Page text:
Last man on Earth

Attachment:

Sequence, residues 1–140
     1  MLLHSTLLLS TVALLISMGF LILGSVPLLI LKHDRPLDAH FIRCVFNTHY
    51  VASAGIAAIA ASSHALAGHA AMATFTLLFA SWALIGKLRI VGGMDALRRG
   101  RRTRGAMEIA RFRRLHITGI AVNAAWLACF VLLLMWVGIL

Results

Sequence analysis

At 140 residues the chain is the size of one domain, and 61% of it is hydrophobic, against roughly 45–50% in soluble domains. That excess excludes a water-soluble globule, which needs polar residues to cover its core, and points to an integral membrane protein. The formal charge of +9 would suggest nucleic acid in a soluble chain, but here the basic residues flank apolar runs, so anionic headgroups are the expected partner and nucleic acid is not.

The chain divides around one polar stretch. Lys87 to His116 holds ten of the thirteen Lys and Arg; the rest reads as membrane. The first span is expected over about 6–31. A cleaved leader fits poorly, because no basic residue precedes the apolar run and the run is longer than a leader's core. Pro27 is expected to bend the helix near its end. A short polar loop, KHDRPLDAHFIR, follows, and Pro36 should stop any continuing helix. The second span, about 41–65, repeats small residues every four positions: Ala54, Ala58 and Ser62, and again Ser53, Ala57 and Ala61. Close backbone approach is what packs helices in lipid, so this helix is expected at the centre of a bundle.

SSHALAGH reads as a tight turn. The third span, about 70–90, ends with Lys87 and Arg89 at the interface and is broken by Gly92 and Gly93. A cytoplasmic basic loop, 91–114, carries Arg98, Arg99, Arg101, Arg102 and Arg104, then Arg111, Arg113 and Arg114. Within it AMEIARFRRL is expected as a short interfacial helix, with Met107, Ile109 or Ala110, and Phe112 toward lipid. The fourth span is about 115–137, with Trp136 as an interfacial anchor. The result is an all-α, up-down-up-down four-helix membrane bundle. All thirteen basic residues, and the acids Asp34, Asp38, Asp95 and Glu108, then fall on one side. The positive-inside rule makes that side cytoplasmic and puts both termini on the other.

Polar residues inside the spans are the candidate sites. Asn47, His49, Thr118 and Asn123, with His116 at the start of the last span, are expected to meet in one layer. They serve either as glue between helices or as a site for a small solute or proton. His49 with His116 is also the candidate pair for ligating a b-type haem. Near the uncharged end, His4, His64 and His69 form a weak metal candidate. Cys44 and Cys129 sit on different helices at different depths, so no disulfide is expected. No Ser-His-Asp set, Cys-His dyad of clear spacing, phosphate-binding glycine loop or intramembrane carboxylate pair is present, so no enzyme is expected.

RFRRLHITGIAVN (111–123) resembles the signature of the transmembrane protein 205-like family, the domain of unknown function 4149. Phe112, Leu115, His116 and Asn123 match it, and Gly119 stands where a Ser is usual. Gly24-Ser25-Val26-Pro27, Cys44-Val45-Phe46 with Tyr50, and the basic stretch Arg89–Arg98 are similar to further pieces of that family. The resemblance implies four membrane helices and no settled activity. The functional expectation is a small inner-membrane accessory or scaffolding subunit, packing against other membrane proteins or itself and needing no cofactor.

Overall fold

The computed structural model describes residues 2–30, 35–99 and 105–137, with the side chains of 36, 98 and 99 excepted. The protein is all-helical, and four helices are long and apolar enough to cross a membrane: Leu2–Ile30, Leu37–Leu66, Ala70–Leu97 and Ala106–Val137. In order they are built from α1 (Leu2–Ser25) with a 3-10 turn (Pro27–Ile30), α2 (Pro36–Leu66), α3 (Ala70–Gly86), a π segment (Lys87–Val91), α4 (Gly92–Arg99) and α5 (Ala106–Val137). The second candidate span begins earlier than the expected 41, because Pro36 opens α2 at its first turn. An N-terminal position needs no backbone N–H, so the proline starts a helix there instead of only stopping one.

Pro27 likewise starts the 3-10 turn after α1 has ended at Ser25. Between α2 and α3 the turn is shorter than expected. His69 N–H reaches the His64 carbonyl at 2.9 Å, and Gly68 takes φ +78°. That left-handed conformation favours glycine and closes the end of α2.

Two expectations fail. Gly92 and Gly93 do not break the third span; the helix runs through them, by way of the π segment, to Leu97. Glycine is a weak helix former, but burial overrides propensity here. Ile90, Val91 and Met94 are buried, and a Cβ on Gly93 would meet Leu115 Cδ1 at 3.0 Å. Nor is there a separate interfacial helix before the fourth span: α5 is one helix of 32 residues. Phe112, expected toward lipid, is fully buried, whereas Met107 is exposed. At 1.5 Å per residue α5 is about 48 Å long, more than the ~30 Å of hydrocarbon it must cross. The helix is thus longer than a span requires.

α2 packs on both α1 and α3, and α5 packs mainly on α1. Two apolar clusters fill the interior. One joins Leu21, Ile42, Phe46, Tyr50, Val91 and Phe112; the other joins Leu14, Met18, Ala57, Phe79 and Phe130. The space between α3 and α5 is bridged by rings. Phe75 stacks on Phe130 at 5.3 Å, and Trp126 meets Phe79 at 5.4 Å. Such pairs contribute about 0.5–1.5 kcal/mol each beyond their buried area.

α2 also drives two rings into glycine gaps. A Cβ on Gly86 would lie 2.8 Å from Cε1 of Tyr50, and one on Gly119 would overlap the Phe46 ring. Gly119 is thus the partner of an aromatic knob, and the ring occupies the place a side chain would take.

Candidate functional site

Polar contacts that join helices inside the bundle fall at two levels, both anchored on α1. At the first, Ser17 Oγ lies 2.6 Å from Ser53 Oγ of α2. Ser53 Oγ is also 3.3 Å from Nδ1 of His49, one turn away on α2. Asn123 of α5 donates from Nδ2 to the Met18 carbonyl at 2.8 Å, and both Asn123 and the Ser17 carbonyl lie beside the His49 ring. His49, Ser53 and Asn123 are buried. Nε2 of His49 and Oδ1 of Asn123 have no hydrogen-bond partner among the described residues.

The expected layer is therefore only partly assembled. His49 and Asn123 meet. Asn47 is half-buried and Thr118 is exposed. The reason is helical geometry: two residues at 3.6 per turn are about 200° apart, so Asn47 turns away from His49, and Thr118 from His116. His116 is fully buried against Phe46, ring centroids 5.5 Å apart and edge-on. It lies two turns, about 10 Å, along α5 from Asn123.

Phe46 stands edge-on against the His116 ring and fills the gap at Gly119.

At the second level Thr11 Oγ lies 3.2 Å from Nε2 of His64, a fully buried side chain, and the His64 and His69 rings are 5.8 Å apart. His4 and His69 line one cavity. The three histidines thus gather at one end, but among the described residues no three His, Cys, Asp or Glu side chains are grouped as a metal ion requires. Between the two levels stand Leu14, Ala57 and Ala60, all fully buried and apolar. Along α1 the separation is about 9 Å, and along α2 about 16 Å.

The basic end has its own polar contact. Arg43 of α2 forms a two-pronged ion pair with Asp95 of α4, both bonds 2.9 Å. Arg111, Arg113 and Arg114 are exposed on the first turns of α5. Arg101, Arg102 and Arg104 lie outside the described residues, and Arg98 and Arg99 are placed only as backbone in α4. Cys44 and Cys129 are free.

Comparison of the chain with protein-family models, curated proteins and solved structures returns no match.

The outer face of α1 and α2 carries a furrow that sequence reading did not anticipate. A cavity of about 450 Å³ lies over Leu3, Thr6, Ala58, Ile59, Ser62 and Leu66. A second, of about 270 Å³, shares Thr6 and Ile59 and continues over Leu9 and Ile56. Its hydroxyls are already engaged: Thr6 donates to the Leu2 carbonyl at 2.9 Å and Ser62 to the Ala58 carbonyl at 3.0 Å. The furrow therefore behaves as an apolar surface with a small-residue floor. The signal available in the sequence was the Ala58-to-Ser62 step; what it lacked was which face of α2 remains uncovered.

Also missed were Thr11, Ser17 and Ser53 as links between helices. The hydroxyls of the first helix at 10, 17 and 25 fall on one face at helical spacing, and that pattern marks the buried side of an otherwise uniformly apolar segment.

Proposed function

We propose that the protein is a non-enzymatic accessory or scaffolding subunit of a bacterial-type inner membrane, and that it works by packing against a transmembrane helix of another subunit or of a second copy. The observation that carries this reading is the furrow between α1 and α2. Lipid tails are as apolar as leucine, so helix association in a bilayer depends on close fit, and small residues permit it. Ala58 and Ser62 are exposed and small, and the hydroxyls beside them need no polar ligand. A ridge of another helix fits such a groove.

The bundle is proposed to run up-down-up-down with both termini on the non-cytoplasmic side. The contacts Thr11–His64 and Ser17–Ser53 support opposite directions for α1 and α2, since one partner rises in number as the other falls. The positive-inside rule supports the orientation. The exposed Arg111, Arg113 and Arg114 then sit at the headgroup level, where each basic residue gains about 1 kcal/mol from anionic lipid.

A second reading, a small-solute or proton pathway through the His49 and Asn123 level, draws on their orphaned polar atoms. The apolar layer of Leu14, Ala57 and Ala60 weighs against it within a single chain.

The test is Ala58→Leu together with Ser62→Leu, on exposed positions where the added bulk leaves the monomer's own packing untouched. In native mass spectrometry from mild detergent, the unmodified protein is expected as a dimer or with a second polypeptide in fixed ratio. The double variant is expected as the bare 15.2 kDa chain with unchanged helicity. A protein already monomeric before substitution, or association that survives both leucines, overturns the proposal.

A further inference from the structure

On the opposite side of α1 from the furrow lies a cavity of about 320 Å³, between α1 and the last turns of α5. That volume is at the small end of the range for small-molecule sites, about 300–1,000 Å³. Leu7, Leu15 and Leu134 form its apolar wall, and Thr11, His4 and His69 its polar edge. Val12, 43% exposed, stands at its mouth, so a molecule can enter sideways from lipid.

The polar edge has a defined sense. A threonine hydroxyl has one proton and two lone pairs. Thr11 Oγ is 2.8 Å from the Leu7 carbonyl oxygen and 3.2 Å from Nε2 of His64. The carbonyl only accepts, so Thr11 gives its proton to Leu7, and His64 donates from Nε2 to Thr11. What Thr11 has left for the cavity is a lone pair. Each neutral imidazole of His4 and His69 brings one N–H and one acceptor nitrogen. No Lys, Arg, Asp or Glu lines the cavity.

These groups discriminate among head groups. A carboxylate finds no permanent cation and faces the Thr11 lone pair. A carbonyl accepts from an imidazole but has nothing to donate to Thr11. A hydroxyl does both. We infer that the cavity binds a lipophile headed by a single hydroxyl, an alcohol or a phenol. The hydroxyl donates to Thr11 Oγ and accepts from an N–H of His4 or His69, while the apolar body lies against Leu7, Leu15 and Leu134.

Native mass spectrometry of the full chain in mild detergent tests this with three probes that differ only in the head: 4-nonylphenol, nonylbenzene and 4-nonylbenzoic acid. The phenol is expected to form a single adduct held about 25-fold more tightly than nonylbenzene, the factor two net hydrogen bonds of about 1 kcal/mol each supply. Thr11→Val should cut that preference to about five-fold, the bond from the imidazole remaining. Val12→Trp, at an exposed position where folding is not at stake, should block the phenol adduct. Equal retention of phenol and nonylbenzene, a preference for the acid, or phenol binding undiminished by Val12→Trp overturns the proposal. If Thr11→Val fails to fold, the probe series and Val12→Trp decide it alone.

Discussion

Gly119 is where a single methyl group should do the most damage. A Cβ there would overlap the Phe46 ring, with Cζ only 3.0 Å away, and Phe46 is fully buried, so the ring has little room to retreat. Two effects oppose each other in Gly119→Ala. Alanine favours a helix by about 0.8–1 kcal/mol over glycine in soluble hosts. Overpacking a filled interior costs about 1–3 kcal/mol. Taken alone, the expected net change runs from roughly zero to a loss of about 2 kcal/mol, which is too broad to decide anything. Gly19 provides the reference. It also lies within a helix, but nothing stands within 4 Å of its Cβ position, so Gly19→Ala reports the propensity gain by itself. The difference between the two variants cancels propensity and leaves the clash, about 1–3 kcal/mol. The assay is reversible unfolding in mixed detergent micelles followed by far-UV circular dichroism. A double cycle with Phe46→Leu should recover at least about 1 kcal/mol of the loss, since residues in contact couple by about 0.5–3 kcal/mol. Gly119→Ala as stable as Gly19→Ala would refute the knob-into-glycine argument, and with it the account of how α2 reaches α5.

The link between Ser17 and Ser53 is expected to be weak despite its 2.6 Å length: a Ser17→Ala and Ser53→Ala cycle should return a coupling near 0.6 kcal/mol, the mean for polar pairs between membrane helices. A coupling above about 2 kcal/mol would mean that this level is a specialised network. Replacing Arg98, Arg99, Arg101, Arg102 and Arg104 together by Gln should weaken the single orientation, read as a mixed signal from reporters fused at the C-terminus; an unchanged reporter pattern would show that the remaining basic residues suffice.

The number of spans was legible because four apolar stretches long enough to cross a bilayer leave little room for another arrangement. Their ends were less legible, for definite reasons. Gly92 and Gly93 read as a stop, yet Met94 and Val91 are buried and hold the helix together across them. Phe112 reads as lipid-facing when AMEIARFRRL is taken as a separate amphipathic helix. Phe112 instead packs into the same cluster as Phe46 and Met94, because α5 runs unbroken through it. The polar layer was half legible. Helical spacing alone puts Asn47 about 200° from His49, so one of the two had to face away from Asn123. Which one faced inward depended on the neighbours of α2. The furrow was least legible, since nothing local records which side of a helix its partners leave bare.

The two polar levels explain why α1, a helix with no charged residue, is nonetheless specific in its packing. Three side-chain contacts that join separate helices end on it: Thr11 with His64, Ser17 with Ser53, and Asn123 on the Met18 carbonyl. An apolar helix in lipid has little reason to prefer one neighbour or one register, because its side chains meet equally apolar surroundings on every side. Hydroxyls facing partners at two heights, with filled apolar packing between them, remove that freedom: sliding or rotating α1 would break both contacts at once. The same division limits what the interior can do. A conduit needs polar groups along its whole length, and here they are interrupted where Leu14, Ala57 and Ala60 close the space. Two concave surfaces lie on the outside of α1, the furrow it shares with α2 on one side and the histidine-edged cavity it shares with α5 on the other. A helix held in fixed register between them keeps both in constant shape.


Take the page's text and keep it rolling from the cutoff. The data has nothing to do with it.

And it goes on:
While not quite legendary, ‘I Am Legend’ still packs a suspenseful wallopBy Ted AlvarezDaily CorrespondentWhile watching Will Smith in “I Am Legend,” it’s amazing to think back on his incredible evolution as an actor and performer. The man who once rapped “Parents Just Don’t Understand” evolved into an action hero and then an Oscar nominee two times over. He gives one of his best performances in “I Am Legend” as the Army doctor Robert Neville, ostensibly the last man on Earth after a miracle cancer cure kills most of the world’s population and turns the survivors into rabid, vampirelike beasts. Neville was at the epicenter of the outbreak, and he was part of the medical team that helped create the miracle “cure.” He stayed behind as New York City crumbled into chaos, and he watched his wife and daughter die just as they were meant to escape. For three years, he’s roamed the empty, overgrown streets of New York alone, except for his only companion, Sam, a wonderfully expressive German shepherd. By day, New York is some bizarre sort of lonely playground where Neville can speed through the streets with abandon in a borrowed sports car, hunt for deer in the middle of a weedy Times Square or chuck golf balls off the wingtip of plane on the permanently docked U.S.S. Intrepid. By night, though, Neville and Sam cower in their armored, overstocked Washington Square townhome, waiting for the howls and screams of the hunting infected to cease with the coming sunrise.The movie derives much of its power from the utterly convincing portrayal of an empty New York City, still full of the signs of civilization but vacated by humanity. Director Francis Lawrence lets the film take its time as we follow Neville about his survival routine, siphoning gas from empty stations and roaming as he sees fit about the lonely metropolis. There are scenes of idyllic and iconic beauty such as birds chirping amid the silent skyscrapers and deer prancing through permanently stalled traffic, lit by bright shafts of sunlight cutting through the concrete canyons. But when it’s time to get scary, Lawrence doesn’t hold back, especially at first. In the beginning, the infected survivors are only seen in shadows and brief glimpses of flashlight, but quick cuts of their translucent skin and gaping jaws are enough to create an atmosphere of terror and anxiety. In one particularly tense sequence, Neville follows Sam into a darkened warehouse teeming with infected humans; though we know our hero probably will escape because it occurs relatively early in the film’s running time, we don’t know how. When not cruising down a weedy Broadway or hiding from mutated monsters, Neville spends his time in a home lab trying to come up with a cure. These scenes help establish Neville as much more than a muscles-and-guns hero: He’s ultimately a man of science trying to think his way through an apocalyptic dilemma he helped cause. Smith ably conveys Neville’s dedication and guilt, and later his frustration as it becomes increasingly clear there may be no cure. Not many actors can occupy a film almost entirely by themselves and remain compelling, but Smith is one of them. He’s joined the ranks of Tom Hanks when it comes to utter talent and watchability. Like Hanks in “Castaway,” by force of Smith’s magnetic personality, he has the ability to bounce his lines off mannequins, his dog and the emptiness around him and still keep us gripped to the story. Smith’s acting chops really show, though, when Neville’s sanity begins to fray at the edges: We truly glimpse the soul of a man utterly alone and hopeless. Neville starts to feel the full weight of his importance and insignificance as the last man on Earth, and Smith makes us feel every pound of it. Smith is aided and abetted greatly by the dog, who gives one of the best animal performances in recent years by seeming empathetic, helpful and impulsive but never more than a dog. As the infected people come into better view, they lose a bit of their power. The scare tactics Lawrence employed fall by the wayside as they swarm to attack rather than sneak out of the shadows. They look a little rubbery and a little too human, but they don’t ruin the film. The film’s last third slows down considerably, though, and burns a lot of the credit it earned for having such a spectacular first two-thirds. New characters are introduced, and “I Am Legend” loses much of its resolute, barren power when that happens. It could’ve recovered, but it never really does because the movie then plays out toward a predictable, somewhat unsatisfying ending. It’s a shame that a film filled with consistent originality and the ability to surprise within the first two-thirds simply runs out of steam and ideas as it winds down. That shouldn’t dissuade prospective fans from seeing the film, though. For the majority of its running time, “I Am Legend” takes you to a New York City as you’ve never imagined it, offers an incredible amount of suspense and ushers in one of Will Smith’s finest performances to date. It hints at deep questions it never tries to answer, but I suspect audiences will explore those long after the movie ends.